We touched briefly on this topic in the first meeting. Here’s a short summary, and I’d like to open up the discussion prior to our meeting on Thursday:
Technically, it falls under the purview of this group to explore anything related to the ACES gamuts - including the definitions themselves. There were a few concerns brought up in our first call:
Scope. We have a big task ahead of us, and the more defined and contained we can keep it, the better
Backwards compatibility/usability with current definitions and implementations
An ideal gamut mapping algorithm should not be specific to a given set of input/output primaries (not AP0 to AP1 only)
However, the discussion of whether the current set of ACES primaries, especially the rendering primaries, are optimal for the future is an important discussion and one we feel should be tackled at the beginning - looking forward to your thoughts here as well as in the call on Thursday.
After today’s call I’m not really sure where we’ve left off. I think we all agreed this decision wasn’t suited to particular working groups focus, but I’m unsure if the rest of group will continue with the assumption that AP0/1 will be the only gamuts we consider moving forward. Or, if we need to spawn another group that focuses on this particular aspect, and the decisions of this group will feed into the decisions of the “Gamut Mapping” group.
That’s not a question directly focused to you necessarily, but the group as a whole. I’ll hold my thoughts for now to just get clarity on the direction we think are going.
Changing/adding more primaries would only add to the confusion IMHO, ACES is quite a beast already. I’m not exactly sure about what would be the benefit so I would be keen for somebody to explain the reasoning behind that. The only minor annoyance I have with AP1 is the fact that it has non-physically realizable primaries.
Anders Langlands and I ran some tests 5 or 6 years ago both together and concurrently and it turned out that BT.2020/ACEScg/AP0 performed quite well as rendering spaces:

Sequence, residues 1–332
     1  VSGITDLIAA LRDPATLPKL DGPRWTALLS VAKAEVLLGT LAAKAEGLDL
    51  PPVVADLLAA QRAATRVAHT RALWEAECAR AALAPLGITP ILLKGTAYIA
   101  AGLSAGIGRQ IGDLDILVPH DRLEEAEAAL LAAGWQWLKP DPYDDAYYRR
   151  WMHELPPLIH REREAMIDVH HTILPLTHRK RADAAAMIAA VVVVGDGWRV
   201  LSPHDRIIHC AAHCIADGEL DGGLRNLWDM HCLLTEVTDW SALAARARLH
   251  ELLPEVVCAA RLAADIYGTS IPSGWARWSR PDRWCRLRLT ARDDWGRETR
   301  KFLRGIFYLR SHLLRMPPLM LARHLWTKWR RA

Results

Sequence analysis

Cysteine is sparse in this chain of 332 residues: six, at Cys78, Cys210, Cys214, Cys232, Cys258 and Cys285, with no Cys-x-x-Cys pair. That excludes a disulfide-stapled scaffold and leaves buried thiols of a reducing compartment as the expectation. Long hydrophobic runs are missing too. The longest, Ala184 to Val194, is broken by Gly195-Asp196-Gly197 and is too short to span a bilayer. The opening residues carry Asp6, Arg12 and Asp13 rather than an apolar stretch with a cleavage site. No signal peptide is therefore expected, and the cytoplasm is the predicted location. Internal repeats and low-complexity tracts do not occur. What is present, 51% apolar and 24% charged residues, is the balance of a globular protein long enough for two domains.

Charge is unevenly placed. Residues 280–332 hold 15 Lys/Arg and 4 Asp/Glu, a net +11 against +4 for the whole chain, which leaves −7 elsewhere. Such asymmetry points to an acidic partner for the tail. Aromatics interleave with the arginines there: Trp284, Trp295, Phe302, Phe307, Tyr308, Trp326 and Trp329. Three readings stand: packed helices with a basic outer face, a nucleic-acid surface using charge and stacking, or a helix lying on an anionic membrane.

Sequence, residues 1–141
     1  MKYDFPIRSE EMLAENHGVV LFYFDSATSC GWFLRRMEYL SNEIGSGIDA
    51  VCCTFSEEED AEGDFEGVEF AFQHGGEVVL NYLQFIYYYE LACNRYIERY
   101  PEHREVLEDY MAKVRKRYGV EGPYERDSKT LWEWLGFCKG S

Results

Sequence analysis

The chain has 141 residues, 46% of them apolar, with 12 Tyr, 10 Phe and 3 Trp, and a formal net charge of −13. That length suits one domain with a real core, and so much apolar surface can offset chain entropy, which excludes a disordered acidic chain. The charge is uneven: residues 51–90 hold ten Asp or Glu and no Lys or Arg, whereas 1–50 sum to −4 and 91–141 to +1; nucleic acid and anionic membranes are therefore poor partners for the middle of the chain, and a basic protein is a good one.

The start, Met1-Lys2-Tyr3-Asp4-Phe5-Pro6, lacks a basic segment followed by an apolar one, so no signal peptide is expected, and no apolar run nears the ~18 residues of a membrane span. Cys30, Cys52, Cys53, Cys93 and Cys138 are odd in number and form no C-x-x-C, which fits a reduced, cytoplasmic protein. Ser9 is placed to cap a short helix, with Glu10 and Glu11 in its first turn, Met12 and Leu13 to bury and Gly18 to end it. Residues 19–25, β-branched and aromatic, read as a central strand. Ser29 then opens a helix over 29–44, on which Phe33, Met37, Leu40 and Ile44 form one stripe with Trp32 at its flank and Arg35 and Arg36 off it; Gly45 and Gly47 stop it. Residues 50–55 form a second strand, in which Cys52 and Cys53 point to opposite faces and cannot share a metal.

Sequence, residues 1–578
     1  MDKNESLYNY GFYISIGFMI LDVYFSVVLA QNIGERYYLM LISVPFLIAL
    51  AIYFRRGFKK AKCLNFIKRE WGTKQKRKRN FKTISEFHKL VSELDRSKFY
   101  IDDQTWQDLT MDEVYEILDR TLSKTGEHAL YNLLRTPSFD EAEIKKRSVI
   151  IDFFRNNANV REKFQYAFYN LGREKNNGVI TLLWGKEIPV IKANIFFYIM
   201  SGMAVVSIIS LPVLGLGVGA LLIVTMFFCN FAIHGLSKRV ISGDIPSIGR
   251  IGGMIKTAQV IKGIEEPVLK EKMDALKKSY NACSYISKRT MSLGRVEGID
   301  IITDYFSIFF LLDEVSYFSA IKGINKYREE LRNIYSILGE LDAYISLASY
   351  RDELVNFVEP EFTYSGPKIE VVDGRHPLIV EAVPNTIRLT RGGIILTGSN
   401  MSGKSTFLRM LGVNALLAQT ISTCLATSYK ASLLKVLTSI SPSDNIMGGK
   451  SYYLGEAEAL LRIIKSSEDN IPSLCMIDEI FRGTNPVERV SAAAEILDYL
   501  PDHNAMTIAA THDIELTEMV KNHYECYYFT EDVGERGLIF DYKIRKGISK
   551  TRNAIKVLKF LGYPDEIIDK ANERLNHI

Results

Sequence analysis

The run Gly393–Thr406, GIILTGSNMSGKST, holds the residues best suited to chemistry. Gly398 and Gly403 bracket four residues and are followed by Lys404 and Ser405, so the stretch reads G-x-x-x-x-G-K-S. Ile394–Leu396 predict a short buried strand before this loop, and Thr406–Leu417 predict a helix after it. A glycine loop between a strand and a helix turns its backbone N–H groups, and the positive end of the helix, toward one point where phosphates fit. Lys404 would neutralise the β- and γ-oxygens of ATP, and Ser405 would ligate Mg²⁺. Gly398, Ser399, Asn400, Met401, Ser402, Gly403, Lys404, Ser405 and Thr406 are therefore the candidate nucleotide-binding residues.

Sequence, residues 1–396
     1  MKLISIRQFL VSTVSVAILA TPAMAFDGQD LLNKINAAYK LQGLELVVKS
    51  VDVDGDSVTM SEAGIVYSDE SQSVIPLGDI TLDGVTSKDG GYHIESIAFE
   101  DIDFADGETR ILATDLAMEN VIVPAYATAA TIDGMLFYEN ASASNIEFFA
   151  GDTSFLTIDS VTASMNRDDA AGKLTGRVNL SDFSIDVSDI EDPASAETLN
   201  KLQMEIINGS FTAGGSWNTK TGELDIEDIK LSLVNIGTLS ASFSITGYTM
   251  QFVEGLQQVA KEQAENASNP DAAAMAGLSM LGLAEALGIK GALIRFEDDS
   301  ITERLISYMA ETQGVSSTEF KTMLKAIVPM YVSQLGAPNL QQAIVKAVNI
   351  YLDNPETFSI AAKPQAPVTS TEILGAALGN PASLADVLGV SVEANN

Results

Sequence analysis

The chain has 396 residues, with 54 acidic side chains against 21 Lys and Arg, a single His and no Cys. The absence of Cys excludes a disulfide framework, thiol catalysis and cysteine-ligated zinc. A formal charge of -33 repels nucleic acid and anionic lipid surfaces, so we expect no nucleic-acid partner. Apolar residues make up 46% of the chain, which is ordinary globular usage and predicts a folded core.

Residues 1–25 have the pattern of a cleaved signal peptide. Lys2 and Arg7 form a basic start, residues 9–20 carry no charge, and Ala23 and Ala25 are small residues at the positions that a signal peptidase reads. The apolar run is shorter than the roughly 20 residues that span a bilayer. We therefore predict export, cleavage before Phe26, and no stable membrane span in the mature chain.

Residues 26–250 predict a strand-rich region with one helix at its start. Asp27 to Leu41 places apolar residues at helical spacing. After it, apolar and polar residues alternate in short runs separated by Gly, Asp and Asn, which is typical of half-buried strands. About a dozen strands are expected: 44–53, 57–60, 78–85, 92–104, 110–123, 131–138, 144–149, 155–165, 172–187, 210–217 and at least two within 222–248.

Those are renders of the same scene using BT.709 primaries (first row), 47 spectral bins (second row), BT.2020 primaries (third row), spectral minus BT.709 primaries renders residuals (fourth row), spectral minus BT.2020 primaries renders residuals (fifth row). The last row showcases composite images assembled with three vertical stripes of respectively the BT.709 primaries, spectral and, BT.2020 primaries renders.
The RMSE with the spectral render are 0.0083 and 0.0116 for respectively the BT.2020 primaries and BT.709 primaries renders.
Now it does not mean they will always perform better, and one might be able to produce examples that will exhibit a bias toward BT.709/sRGB. The main takeaway is that RGB renders cannot match spectral renders and sharp wide gamuts tend to perform better
Changing rendering primaries should really be motivated by examples showing that it does really improve things. Something I had planned but never had spare cycles to do was to optimize a set of primaries that reduces error in the spirit of the notebook on our blog. It should be easy to do as Colour has all the tooling to do that nowadays.
could you specify what you mean by “rendering”? A) The synthesis of an image or B) the transform of a scene-referred image to a display.
I don’t want to appear pedantic, it just seems that Thomas is understanding something else (A) than I do (B).
Thanks for raising that point @hbrendel - I was referring mostly to A) Synthesis of an image a.k.a AP1 in this case.
Not that the transform to display and its associated primaries is less important - it’s just not the focus of this group (in my opinion, open to discourse on this point). I believe that falls more into the realm of the RRT/Output Display working group that will spin up at some point soon.